“Interesting inconsistencies,” Finegar told jurors.

The police-involved shooting that injured Davis in June 2015 was the first since the death of Freddie Gray from injuries suffered in police custody and the days of protests and unrest that followed that April. At the beginning of the trial, Finegar told jurors how the investigation of the police-involved shooting of her client fell by the wayside, but that investigators relentlessly pursued Davis in Jones’ death.

The most controversial evidence from the five days of testimony at Davis’ latest trial was surveillance video from a convenience store on Park Heights Avenue, across an intersection from the Pimlico parking lot where Jones’ body was found.

During testimony by Batimore Police homicide Det. Mark Veney, Finegar accused the state of discovery violations for failing to disclose that and two others, one from the race course and another from a nearby convenience store, which had not been discussed at previous trials.

Mason said the videos were not considered to have evidentiary value, but Finegar questioned why investigators did not attempt to speak with people seen in them.

In the one convenience store video, Finegar pointed to a man wearing a dark shirt, jeans and white tennis shoes walking down the street just before the shooting, who appeared to be pulling a mask over his face. Finegar said the unknown person’s description did not match her client, and said it could have been the gunman who shot Jones or a potential witness, and should have been explored by investigators and turned over to the defense months before.

Finegar called it “an egregious” discovery violation, and asked the judge to dismiss the case.

Circuit Judge Althea Handy agreed that the state should have disclosed the videos previously to the defense, but found it was “an unintended” nondisclosure. She also permitted Finegar to show the videos to jurors during cross-examination of Veney, and instructed jurors on the issue.

In her closing arguments, Mason said that the unknown man seen in the surveillance video walking near where the shooting occurred was Davis. She noted he was wearing similar ripped jeans and white tennis shoes with black markings when he was arrested. But Finegar said the unknown person did not resemble her client, saying the shoes had different markings and police never recovered a shirt from Davis.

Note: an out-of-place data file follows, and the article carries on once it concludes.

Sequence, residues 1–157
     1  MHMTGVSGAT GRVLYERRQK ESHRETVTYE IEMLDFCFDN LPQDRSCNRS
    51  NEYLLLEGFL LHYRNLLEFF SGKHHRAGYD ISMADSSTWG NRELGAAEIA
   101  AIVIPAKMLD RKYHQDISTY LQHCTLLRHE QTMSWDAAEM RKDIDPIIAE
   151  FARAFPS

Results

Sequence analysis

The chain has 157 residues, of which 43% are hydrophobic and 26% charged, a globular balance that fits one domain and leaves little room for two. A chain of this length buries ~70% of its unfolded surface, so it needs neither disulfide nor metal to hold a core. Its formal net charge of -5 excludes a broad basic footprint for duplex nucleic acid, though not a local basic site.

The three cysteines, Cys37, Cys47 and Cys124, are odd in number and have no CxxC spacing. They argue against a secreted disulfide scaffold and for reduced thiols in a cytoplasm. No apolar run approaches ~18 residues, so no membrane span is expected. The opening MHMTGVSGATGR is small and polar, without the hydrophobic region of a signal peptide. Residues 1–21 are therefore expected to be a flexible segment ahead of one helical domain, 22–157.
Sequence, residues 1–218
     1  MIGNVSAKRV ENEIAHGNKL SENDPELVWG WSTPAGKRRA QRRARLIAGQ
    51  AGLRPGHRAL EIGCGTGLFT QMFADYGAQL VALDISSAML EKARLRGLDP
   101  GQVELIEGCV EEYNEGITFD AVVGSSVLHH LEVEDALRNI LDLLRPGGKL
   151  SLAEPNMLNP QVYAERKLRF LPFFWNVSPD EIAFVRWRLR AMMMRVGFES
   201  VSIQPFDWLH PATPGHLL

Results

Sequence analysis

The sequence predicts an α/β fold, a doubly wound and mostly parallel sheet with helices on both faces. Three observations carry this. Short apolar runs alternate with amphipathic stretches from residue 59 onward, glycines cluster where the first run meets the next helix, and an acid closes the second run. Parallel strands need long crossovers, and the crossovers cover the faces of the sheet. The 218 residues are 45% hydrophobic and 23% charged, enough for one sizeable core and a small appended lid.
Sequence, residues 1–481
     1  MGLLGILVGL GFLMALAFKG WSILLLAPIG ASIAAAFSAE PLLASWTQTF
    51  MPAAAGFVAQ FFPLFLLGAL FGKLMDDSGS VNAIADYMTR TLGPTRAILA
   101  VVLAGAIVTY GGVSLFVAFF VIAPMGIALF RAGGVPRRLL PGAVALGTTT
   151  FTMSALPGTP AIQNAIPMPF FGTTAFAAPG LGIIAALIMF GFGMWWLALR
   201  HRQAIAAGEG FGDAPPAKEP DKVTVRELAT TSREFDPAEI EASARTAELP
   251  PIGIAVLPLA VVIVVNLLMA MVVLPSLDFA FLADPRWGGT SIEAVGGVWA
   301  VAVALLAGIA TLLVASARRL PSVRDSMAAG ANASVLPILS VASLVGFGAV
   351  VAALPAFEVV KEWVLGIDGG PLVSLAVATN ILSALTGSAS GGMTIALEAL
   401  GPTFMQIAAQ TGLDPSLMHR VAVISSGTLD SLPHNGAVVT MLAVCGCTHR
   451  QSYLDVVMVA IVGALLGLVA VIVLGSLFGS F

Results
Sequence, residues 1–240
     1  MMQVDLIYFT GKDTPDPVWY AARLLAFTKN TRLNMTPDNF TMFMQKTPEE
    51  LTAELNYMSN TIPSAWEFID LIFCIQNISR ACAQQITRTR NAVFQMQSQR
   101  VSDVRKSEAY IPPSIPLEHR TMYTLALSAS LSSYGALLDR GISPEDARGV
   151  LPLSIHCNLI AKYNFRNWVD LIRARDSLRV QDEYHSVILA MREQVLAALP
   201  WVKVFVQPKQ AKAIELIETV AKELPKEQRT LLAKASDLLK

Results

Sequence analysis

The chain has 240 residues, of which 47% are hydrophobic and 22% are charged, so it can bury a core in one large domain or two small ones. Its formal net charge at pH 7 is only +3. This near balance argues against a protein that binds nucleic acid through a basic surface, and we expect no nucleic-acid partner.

At Davis’ second trial, prosecutors had brought forward an inmate who claimed Davis confessed to him. But a judge later reversed the conviction, saying jurors received a “sanitized” version of the inmate’s criminal record, which could have prompted questions about his credibility.

David Gutierrez, the jailhouse witness, testified again at the latest trial. Finegar questioned Gutierrez on the stand about his motivation for testifying, which Gutierrez agreed was partially an effort to lessen his sentence and return home to his family in Texas. Gutierrez was at the Jessup Correctional Institution in 2017 when he claimed he met Davis through his cellmate who made homemade alcohol.

Finegar called the cellmate, Itisham Butt, as a witness on Monday. Butt denied making alcohol or that Davis ever came to his cell, saying security procedures at the prison prohibited it.

Davis was previously acquitted by a jury on 14 of the 15 counts relating to the robbery that initiated the chase by police. He was convicted of unlawful possession of the handgun that was found inside the garage and received a mandatory five-year sentence. Davis has maintained that he was walking in Northwest Baltimore holding his phone when police yelled “gun” and began chasing him.

Finegar said on Thursday that her client had served his sentence for the gun charge, and that she would pursue bail for him.

“It’s the most appropriate thing if they are not going to dismiss this case,” she said.

jkanderson@baltsun.com

twitter.com/janders5